The cultural studies perspective offers interpretations of the appeal of the cultural form of the romance novel and the pleasure of the cultural practice of leisure reading through recognition of meaning and affective processes. Findings from this dissertation's three studies suggest that leisure practices for female and male adolescents are an important way, among others, to allow for management of identity in this important developmental stage--adolescence--preceding college/work/adulthood/marriage expectations. A survey study reveals that leisure reading is a relatively popular leisure pursuit for adolescents, from students who might read a magazine or novel occasionally for fun to those students who are addictive leisure readers, for example, in this study of female adolescent readers of romance novels. A study of female adolescent readers suggests that the leisure practice of reading a romance novel is a means to manage social expectations, manage identity through experiencing the "real" in the symbolism of the romance text, experience momentary empowerment, and experience intense emotional pleasures in the reading practice. A study comparing adolescent and adult readers suggests that both groups utilize leisure reading in similar and different ways, suggesting that meaning is articulated, in one way, through social relations of gender, family, and workplace/ school and, additionally, that reading functions as a channel of communication, shared pleasure, and re-living of the romance texts between daughters and mothers. Findings to research questions of the relative popularity of reading to other leisure options, the ways in which teenage girls read romances, and the comparison of adolescent readers to adult readers, reveal that reading serves in certain ways as an individually centered, identity management practice and, in other ways, as a leisure pursuit embedded in and interacting with other social practices. Reading romance novels holds significant importance to the consistent adolescent reader because it is leisure, it is adolescent leisure, and it is fun.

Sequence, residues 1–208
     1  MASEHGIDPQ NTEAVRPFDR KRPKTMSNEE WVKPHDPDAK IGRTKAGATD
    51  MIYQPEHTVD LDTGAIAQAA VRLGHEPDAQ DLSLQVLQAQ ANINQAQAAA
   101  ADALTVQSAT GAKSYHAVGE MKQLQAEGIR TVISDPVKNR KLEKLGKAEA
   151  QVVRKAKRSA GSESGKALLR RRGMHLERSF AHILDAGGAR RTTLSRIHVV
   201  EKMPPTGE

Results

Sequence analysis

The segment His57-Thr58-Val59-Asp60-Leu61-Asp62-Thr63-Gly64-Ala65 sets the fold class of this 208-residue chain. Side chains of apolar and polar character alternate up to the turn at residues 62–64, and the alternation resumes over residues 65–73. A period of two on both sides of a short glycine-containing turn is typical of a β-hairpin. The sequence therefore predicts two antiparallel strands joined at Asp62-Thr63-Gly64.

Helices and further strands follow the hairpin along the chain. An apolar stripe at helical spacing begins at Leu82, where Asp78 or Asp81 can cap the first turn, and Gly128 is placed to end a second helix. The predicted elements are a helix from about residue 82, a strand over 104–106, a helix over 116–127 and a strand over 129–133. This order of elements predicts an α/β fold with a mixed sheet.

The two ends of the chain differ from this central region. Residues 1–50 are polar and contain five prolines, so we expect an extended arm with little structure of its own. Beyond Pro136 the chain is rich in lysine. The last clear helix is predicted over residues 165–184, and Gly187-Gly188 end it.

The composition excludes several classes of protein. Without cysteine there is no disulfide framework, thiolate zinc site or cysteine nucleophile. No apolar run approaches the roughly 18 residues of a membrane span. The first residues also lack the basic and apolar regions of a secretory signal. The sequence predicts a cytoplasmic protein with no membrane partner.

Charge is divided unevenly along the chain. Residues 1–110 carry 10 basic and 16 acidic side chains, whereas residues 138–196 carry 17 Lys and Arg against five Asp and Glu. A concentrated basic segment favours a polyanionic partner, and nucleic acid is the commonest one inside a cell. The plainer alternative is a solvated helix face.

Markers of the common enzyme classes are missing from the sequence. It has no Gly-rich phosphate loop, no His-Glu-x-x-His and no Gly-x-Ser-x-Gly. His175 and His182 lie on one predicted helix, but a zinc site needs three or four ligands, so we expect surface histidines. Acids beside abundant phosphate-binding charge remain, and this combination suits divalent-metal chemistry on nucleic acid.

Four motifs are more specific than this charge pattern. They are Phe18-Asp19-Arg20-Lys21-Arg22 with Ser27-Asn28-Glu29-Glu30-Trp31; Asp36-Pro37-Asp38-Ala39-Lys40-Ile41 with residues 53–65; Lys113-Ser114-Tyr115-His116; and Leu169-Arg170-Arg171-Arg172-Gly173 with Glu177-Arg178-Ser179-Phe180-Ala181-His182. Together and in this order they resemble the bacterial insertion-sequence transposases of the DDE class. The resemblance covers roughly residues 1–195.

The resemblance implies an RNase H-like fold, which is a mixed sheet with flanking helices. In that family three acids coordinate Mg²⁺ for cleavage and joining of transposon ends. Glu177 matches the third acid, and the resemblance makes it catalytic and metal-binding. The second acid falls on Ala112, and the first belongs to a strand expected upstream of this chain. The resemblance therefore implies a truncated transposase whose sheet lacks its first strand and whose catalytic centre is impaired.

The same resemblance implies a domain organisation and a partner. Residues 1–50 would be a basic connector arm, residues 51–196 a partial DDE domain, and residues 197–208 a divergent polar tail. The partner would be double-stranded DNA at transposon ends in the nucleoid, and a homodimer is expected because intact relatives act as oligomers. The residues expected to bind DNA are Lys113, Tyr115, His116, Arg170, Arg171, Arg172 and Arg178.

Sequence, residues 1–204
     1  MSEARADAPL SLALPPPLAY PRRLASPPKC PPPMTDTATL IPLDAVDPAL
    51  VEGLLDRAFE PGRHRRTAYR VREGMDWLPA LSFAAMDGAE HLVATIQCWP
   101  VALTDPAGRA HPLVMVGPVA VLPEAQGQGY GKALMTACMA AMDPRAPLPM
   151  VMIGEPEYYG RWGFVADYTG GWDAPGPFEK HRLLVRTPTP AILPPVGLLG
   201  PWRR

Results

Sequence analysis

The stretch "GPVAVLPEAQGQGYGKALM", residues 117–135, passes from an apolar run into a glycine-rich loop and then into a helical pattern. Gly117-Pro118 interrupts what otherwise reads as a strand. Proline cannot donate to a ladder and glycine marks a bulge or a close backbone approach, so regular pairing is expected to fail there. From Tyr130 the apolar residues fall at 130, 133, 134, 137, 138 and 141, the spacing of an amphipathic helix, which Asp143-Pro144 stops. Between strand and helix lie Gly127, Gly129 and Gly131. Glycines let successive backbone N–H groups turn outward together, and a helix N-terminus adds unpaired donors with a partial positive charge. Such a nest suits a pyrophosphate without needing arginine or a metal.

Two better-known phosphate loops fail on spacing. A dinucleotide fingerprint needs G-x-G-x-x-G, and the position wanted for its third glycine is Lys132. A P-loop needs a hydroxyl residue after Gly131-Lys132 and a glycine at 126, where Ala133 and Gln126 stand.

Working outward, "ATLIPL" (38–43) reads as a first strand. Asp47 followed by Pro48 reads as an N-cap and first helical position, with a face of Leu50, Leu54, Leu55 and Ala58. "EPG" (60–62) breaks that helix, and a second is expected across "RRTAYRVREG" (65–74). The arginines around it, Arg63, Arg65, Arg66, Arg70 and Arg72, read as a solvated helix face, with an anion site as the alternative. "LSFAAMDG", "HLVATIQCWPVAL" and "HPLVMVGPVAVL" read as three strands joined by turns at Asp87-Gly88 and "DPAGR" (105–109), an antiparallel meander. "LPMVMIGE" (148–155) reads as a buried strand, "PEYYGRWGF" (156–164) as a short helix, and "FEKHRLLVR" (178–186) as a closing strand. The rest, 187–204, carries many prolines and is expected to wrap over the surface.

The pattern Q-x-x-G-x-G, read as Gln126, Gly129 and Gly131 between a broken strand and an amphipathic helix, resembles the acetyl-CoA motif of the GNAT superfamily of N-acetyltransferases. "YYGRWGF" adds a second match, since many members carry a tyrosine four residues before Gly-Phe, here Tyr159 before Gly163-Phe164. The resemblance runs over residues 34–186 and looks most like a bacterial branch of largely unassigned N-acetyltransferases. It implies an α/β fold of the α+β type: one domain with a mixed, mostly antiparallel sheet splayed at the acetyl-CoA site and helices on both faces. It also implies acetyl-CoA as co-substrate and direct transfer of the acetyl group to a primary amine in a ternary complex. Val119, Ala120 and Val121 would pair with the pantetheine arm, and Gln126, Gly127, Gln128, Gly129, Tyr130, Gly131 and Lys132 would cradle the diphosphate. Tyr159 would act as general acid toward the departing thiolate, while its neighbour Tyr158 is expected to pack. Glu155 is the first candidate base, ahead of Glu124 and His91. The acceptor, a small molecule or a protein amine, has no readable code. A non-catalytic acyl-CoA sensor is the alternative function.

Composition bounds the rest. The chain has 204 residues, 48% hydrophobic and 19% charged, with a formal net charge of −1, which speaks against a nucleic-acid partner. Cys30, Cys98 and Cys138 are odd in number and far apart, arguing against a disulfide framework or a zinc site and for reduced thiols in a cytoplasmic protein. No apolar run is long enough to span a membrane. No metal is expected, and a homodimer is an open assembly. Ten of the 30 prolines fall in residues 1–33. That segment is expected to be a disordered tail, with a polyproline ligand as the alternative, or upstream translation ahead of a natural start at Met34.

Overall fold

Popular romance fiction constitutes the largest segment of the global book market. Bringing together an international group of scholars, The Routledge Research Companion to Popular Romance Fiction offers a ground-breaking exploration of this global genre and its remarkable readership. In recognition of the diversity of the form, the Companion provides a history of the genre, an overview of disciplinary approaches to studying romance fiction, and critical analyses of important subgenres, themes, and topics. It also highlights new and understudied avenues of inquiry for future research in this vibrant and still-emerging field. The first systematic, comprehensive resource on romance fiction, this Companion will be invaluable to students and scholars, and accessible to romance readers.